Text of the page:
Citing coronavirus threats, the U.S. government has canceled all deportation hearings for immigrants not in detention after immigration judges and government prosecutors complained busy courts were putting them at risk of infection. This follows announcement that the Customs and Border authorities are pushing new asylum seekers back into Mexico – and now Canada – to forestall disease spread from migrants. As such, these moves happen to fit nicely into Trump administration policies aimed at halting immigration of all sort.
The closures of courts in Atlanta, Charlotte, Houston, Louisville, Memphis, New York City, Newark, Sacramento and Los Angeles, took effect today. The court in Seattle was already closed. Cases of immigrants stuck in detention will be heard as scheduled. The decision came after unions representing immigration judges and prosecutors from U.S. Immigration and Customs Enforcement called for the shutdown. (3/18)
‘If they’re so smart why are they broke?’ Corporate CEOs looking for bailout funds flunk basic personal finance
Before Mitch McConnell, his Radical Republican Senate conference and Steve Mnuchin hand over billions of dollars to a ragtag collection of corporations—gamblers, bankers, airline executives and whoever else is saddled up at the trough—here’s a suggestion: Make Every CEO take a basic family-finance class.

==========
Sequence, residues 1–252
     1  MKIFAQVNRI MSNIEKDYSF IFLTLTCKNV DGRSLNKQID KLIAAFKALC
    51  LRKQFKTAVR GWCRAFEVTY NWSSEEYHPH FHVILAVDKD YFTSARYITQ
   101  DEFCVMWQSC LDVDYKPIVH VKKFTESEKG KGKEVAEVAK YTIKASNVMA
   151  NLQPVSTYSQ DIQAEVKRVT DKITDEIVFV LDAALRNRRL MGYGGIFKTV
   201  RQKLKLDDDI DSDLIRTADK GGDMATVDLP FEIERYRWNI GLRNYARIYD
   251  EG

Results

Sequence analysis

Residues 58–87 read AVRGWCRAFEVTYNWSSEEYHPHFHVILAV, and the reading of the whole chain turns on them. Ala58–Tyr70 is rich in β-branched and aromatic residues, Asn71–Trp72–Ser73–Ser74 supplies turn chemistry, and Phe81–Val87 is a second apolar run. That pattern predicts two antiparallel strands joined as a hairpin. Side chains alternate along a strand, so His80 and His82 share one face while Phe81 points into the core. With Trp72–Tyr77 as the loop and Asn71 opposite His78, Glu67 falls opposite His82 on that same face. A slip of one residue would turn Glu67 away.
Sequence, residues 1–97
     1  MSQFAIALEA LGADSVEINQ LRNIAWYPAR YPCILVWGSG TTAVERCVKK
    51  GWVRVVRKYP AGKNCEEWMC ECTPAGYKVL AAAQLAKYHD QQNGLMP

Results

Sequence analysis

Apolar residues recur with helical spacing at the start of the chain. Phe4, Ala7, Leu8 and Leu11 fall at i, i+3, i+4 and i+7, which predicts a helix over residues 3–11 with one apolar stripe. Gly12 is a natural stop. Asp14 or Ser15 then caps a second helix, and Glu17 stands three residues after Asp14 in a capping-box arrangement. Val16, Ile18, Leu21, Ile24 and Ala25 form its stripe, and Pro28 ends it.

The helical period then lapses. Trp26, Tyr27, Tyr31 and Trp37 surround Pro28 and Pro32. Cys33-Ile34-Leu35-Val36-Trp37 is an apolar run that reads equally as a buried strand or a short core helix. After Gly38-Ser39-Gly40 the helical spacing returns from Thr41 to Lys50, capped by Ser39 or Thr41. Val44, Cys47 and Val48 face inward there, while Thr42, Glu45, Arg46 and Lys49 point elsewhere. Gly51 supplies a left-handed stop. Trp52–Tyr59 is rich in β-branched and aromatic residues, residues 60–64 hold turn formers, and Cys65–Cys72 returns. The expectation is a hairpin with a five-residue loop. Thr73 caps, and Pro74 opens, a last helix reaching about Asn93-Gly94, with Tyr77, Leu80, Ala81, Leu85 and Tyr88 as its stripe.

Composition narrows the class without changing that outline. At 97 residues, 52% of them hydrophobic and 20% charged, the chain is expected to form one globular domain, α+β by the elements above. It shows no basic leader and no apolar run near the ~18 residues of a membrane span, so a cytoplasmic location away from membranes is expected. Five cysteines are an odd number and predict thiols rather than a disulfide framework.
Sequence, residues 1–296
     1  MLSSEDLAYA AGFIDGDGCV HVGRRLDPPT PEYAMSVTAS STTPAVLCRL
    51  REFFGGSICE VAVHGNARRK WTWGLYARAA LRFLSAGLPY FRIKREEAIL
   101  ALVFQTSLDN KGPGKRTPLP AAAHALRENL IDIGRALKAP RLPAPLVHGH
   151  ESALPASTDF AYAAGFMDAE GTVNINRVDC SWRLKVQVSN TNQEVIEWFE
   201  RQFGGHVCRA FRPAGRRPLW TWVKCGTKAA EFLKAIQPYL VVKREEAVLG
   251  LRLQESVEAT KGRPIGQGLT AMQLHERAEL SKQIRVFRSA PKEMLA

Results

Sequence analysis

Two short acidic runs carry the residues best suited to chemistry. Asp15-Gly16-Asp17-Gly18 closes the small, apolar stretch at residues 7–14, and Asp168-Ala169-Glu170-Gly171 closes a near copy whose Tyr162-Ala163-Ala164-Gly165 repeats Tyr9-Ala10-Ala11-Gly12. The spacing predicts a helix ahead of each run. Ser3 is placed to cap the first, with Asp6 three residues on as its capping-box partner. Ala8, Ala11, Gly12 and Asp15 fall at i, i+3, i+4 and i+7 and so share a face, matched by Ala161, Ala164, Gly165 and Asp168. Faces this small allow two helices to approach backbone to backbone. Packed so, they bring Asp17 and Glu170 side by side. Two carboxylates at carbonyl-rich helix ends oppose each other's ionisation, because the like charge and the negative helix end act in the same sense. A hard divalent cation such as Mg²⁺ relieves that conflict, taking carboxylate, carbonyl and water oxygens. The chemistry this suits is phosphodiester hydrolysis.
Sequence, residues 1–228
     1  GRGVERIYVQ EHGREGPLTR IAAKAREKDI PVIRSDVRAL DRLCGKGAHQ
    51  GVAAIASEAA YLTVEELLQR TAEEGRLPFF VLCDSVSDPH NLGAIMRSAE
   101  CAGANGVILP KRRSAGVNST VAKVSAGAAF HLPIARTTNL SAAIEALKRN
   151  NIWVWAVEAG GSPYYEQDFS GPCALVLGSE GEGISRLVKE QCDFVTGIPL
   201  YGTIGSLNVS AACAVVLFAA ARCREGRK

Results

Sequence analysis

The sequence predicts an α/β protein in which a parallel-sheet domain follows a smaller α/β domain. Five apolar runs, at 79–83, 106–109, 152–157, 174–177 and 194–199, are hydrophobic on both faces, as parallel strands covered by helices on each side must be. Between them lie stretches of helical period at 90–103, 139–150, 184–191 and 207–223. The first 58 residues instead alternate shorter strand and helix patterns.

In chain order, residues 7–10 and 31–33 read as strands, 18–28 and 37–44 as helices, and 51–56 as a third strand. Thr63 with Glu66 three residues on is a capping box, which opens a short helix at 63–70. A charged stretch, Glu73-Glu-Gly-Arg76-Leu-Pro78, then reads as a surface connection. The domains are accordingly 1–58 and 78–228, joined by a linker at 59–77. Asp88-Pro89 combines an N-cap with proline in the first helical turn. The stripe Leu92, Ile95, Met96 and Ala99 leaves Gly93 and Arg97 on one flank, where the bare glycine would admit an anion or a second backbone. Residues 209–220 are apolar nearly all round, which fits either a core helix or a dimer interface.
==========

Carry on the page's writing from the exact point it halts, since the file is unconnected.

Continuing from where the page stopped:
Yes, they probably know how to balance a checkbook or know the difference between an APR and a nominal interest rate. They can probably tell you it’s smarter to pay off a 15% credit card before paying off a 7% college loan.
But one lesson they’ve clearly missed: Have sufficient savings to get you through at least three-to-six months without a paycheck.
A pandemic is no time to dismantle regulatory safeguards
As much of the economy melts down amid the coronavirus pandemic, many large corporations are lining up for financial bailouts from the federal government.
Assuming the right safeguards are put in place, these payments may be justified.
Yet there is a risk that big business may also seek another kind of assistance whose benefit is more dubious: relief from regulations.
Some loosening of restrictions make sense in a crisis. Federal regulators are already taking steps to address immediate needs. The FDA is changing rules so that private labs and state health departments can more readily use COVID-19 tests developed outside of the agency. HHS is allowing healthcare providers to bill Medicare for telemedicine sessions.
Investigative reporter explains why Trump and the radical Republicans are calling it the ‘Chinese virus’
In early March, an angry, longtime Republican source contacted me to vent. He was a dedicated conservative, but was furious not only Trump Administration’s bumbling in dealing with COVID-19, but also the endless lies told by his fellow GOPers to persuade the party faithful that the scientific warnings about the outbreak were a scam.
Now, he fumed, as the infection rate and death toll rose, his colleagues realized they could not maintain the “COVID-19 is a fictional thing being used to hurt Trump” charade. Rather than backing off and consulting with scientists, their decision of what to do was horrific: Reach out to a political consultant to find a spin that would allow them to attack Democrats and the media, distracting everyone from Trump’s abject failure to protect the country.